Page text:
In most cases, people who rent their home cannot get help with housing costs in this way. Instead, they should claim Housing Benefit (England, Scotland and Wales) or Housing Benefit (Northern Ireland). or Universal Credit housing costs element if they are a Universal Credit claimant.

Updated May 2018

3. How much Support for Mortgage Interest Loan will I get?

It can be complicated to work out how much Support for Mortgage Interest Loan (SMI) you might get. You can use the Turn2us Benefits Calculator which will calculate how much you may be entitled to.

Housing costs for loans, whether that is a mortgage, home purchase loan or qualifying home improvement loan, are calculated using a standard rate of interest, not your lender’s actual interest rate for your loan. This means that if your interest rate is higher, there may be a shortfall between the help provided and your contractual payment.

The current standard interest rate used to calculate SMI is 2.61%.

There are also restrictions on the help provided if your mortgage or loan was taken out or increased after you became entitled to one of the means-tested benefits which qualify you for Support for Mortgage Interest Loan or if your housing costs are deemed excessive.

In most cases, there is also an upper limit on the total loan amount that can be included in your claim. The upper loan limit is usually £200,000 if you claimed Income Support, income-based Jobseeker's Allowance (JSA), income-related Employment and Support Allowance (ESA) or Universal Credit. For Guarantee Pension Credit, the upper limit is normally £100,000. However, if you were getting Income Support, Income-based Jobseeker's Allowance or Income-based Employment and Support Allowance with an upper limit of £200,000, and you went on to claim Pension Credit, the higher £200,000 upper limit continues to apply.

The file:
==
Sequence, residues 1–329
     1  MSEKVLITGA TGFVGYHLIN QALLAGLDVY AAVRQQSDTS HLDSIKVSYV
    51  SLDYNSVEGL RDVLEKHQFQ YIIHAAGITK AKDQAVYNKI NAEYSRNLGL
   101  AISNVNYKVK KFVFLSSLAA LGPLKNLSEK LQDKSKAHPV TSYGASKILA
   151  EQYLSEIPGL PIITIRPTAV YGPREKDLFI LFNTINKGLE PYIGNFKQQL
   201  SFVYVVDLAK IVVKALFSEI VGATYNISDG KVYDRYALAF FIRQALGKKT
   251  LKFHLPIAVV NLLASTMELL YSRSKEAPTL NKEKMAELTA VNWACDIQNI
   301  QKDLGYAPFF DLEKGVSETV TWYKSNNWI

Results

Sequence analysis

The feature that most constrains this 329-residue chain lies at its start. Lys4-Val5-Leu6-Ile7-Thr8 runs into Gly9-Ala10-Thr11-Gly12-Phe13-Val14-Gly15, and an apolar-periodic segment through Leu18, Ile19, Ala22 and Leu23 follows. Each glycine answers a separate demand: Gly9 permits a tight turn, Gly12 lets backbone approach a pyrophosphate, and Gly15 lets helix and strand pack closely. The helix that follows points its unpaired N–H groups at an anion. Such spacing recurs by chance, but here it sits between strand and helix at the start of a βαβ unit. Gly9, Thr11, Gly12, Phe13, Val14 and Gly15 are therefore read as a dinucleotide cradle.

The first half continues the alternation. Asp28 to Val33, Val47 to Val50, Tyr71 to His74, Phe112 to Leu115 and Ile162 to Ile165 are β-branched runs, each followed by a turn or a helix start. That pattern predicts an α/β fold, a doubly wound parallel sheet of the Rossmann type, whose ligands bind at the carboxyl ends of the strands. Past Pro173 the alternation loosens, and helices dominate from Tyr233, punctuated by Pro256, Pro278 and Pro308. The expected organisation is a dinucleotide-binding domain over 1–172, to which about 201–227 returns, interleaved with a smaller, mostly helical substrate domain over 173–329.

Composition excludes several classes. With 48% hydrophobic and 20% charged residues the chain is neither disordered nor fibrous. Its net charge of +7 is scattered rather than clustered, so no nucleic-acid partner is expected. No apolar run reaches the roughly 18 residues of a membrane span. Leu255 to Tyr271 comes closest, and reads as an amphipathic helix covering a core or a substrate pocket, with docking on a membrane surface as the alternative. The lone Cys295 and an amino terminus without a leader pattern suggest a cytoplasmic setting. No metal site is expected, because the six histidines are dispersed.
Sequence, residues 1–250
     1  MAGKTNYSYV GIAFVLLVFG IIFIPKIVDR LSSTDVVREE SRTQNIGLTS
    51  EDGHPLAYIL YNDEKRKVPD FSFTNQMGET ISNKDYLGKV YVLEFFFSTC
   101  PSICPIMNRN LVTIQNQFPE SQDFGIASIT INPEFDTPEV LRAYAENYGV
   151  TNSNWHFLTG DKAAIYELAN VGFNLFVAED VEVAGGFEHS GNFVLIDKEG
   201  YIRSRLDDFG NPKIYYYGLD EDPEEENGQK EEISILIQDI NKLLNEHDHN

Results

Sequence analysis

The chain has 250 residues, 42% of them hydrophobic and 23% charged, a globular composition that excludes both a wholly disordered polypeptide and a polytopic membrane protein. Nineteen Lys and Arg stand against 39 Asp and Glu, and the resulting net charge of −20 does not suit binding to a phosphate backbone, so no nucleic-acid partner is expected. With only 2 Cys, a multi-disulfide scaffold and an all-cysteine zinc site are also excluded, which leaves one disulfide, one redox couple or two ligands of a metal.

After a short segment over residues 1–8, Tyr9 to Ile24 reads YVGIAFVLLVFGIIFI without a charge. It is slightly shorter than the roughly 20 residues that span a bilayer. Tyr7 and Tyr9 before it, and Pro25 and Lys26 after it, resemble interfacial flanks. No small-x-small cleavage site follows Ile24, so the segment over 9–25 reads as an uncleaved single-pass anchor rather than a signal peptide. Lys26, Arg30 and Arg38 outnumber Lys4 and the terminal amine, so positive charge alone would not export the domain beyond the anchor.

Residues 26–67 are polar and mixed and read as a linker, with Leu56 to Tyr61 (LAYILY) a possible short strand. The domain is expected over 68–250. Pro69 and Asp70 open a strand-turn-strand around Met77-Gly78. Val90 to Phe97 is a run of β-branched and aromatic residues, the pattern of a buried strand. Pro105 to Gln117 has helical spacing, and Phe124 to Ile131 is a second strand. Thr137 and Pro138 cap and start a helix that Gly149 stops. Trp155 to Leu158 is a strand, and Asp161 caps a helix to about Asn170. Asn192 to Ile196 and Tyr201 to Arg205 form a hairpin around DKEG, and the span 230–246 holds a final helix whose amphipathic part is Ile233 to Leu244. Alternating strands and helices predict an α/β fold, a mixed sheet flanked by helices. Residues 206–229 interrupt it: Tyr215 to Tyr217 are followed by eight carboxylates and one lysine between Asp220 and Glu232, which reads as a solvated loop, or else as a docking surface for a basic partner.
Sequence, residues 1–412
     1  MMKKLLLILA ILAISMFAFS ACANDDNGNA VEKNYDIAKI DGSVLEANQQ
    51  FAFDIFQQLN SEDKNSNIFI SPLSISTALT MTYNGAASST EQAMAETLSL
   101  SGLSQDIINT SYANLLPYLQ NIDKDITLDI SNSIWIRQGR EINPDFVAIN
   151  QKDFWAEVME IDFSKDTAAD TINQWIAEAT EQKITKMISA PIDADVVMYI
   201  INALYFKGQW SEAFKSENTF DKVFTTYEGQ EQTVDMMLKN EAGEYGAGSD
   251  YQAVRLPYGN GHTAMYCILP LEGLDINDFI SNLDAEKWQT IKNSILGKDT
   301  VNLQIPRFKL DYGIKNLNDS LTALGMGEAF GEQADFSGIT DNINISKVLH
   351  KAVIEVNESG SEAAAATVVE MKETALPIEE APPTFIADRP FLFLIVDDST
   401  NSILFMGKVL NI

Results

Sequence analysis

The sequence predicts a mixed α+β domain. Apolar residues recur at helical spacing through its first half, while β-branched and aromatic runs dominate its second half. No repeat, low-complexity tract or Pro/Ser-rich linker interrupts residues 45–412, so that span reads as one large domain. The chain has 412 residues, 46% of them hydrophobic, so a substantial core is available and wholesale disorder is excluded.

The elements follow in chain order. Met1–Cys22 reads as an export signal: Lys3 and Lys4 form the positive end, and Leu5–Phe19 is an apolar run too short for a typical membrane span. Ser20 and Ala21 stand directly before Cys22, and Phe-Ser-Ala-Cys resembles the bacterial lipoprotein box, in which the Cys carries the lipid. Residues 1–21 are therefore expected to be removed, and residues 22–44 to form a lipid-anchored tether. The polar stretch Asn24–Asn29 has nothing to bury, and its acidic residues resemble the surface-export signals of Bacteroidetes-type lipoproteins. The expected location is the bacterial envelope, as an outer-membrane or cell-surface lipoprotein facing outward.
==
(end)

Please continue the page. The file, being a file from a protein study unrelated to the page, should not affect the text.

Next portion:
What if I have another adult living with me?

If you have other adults living with you who aren’t your partner and do not have to pay rent, they might be treated as your non-dependent. This means that an amount will be taken off your SMI loan because this other person is expected to help with household costs. This will only apply if you get an SMI loan because you get JSA, ESA, Income Support or Pension Credit. If you get an SMI loan because you receive Universal Credit you won’t have money deducted for non-dependents. 

You won’t have money taken off your SMI loan for a non-dependent if:

You also won’t have any money taken off your SMI loan for any other adult who:

If money is taken off your SMI loan for another adult, how much is taken off depends on the other adult’s earnings. It is important to make sure the Department for Work and Pensions (DWP) has accurate information about the other adult’s earnings so they can make the right decision about your SMI loan.

How will I be paid Support for Mortgage Interest Loan?

The payment is usually made direct to the lender. You can not get help towards the amount you borrowed - only the interest.

There are no time limits on how long you can receive the Support for Mortgage Interest Loan, providing you still meet the qualifying conditions.

Support for Mortgage Interest Loan run-on

If you or your partner enter full time employment, you might qualify for a Support for Mortgage Interest Loan run-on for four weeks, even though your entitlement to Income Support, income-based Jobseeker's Allowance or income-related Employment and Support Allowance will stop.